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Americans flee unionized, high tax states

cpwill

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Migration from high-tax states to states with lower taxes and less government spending will dramatically alter the composition of future Congresses, according to a study by Americans for Tax Reform

Eight states are projected to gain at least one congressional seat under reapportionment following the 2010 Census: Texas (four seats), Florida (two seats), Arizona, Georgia, Nevada, South Carolina, Utah and Washington (one seat each). Their average top state personal income tax rate: 2.8 percent.

By contrast, New York and Ohio are likely to lose two seats each, while Illinois, Iowa, Louisiana, Massachusetts, Michigan, Missouri, New Jersey, and Pennsylvania will be down one apiece. The average top state personal income tax rate in these loser states: 6.05 percent...

And, as ATR notes, “in eight of ten losers, workers can be forced to join a union as a condition of employment. In 7 of the 8 gainers, workers are given a choice whether to join or contribute financially to a union.”

Imagine that: Americans are fleeing high tax, union-dominated states and settling in states with lower taxes, right-to-work laws and lower government spending. Nothing sends a message like voting with your feet.
 

FilmFestGuy

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Migration from high-tax states to states with lower taxes and less government spending will dramatically alter the composition of future Congresses, according to a study by Americans for Tax Reform

Eight states are projected to gain at least one congressional seat under reapportionment following the 2010 Census: Texas (four seats), Florida (two seats), Arizona, Georgia, Nevada, South Carolina, Utah and Washington (one seat each). Their average top state personal income tax rate: 2.8 percent.

By contrast, New York and Ohio are likely to lose two seats each, while Illinois, Iowa, Louisiana, Massachusetts, Michigan, Missouri, New Jersey, and Pennsylvania will be down one apiece. The average top state personal income tax rate in these loser states: 6.05 percent...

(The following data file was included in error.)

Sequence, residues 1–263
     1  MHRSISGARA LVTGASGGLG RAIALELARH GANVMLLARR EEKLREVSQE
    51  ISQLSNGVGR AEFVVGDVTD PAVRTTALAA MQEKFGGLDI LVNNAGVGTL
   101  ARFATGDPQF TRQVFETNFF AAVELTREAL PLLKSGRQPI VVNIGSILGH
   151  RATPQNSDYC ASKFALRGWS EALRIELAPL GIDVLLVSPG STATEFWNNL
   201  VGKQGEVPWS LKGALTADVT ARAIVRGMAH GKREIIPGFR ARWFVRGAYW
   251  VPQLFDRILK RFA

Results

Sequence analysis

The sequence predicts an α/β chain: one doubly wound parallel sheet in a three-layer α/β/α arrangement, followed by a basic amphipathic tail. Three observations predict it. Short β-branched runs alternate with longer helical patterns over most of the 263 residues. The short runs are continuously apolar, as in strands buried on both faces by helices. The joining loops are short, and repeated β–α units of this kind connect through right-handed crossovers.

And, as ATR notes, “in eight of ten losers, workers can be forced to join a union as a condition of employment. In 7 of the 8 gainers, workers are given a choice whether to join or contribute financially to a union.”

Imagine that: Americans are fleeing high tax, union-dominated states and settling in states with lower taxes, right-to-work laws and lower government spending. Nothing sends a message like voting with your feet.

Huh...and I bet it has nothing to do with warmer climates and the fact that our aging population has a tendency to move to warmer climates to retire.

Have you BEEN to Florida? There's a reason why it's called God's Waiting Room...

But never mind...go ahead and jump to conclusions.

I live in a state with NO income tax... and it's the 10th poorest state in the nation with nearly 1 in 13 people below the poverty line, so if I follow the logic of the article, I could say that low tax rates lead to poverty.

And I won't even mention the much more obvious reason that Louisiana has a smaller population...we'll just pretend that it's "taxes" as well...
 

Wiseone

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Like Filmfest said, there's plenty of other things that these states have in common with each other. Unless you provide actual data that the movement of people, and that it is a movement of people and not simply birth rate differences or anything else, is due specifically to unions and taxes than all you got is bull****.

In other words, correlation is not causation.
 

samsmart

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Yeah, I briefly listened to an NPR report that interviewed Gov. Rick Perry of Texas. The interviewer pointed out that while Texas had a growing number of jobs, it was also leading the country in the number of people imprisoned.

Here's the thing. We're in bad economic times, so of course people are going to try to get whatever kind of work wherever they can get it.

But the question is can those more conservative states sustain those jobs? Can they keep the people who have moved there? And how long will those states resist the actions of those more liberal workers who move there who may try to implement stronger rights for employees?
 
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